Observational data from the Cassini spacecraft are used to obtain a chemical model of ocean water on Enceladus.
The model indicates that Enceladus' ocean is a Na-Cl-CO3 solution with an alkaline pH of ~11-12. The dominance of aqueous NaCl is a feature that Enceladus' ocean shares with terrestrial seawater, but the ubiquity of dissolved Na2CO3 suggests that soda lakes are more analogous to the Enceladus ocean.
The high pH implies that the hydroxide ion should be relatively abundant, while divalent metals should be present at low concentrations owing to buffering by clays and carbonates on the ocean floor. The high pH is interpreted to be a key consequence of serpentinization of chondritic rock, as predicted by prior geochemical reaction path models; although degassing of CO2 from the ocean may also play a role depending on the efficiency of mixing processes in the ocean. Serpentinization leads to the generation of H2, a geochemical fuel that can support both abiotic and biological synthesis of organic molecules such as those that have been detected in Enceladus' plume.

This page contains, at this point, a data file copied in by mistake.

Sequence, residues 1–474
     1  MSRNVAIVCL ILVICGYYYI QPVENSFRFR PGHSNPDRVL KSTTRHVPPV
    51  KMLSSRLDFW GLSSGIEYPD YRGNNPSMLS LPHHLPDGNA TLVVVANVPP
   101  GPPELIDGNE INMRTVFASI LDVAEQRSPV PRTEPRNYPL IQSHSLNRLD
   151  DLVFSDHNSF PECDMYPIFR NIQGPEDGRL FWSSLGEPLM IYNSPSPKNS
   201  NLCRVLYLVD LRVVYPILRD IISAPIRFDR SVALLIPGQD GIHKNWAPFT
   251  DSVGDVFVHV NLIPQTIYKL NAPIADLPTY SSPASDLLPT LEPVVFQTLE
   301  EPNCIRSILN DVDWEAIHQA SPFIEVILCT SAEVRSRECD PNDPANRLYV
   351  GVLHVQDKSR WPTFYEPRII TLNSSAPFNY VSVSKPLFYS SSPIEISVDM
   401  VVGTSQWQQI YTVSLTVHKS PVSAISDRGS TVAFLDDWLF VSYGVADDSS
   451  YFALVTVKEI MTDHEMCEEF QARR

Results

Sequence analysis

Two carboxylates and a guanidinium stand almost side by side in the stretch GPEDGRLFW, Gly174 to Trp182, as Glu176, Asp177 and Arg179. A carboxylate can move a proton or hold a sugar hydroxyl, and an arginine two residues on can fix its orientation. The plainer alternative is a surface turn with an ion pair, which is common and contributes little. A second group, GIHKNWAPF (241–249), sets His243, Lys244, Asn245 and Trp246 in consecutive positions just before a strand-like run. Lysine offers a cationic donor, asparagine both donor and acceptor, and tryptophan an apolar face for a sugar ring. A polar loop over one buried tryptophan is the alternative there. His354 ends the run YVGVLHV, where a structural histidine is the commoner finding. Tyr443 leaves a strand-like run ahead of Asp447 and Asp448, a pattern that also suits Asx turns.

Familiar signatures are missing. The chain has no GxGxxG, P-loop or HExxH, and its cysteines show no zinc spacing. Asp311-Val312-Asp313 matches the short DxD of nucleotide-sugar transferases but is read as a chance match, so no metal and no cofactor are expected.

Serpentinization and H2 generation should have occurred on Enceladus, like on the parent bodies of aqueously altered meteorites; but it is unknown whether these critical processes are still taking place, or if Enceladus' rocky core has been completely altered by past hydrothermal activity. The high pH also suggests that the delivery of oxidants from the surface to the ocean has not been significant, and the rocky core did not experience partial melting and igneous differentiation. On the other hand, the pH is compatible with life as we know it; life on Earth may have begun under similar conditions, and serpentinites on Earth support microbial communities that are centered on H2 that is provided by water-rock reactions.
Christopher Glein, John Baross, Hunter Waite (Submitted on 6 Feb 2015)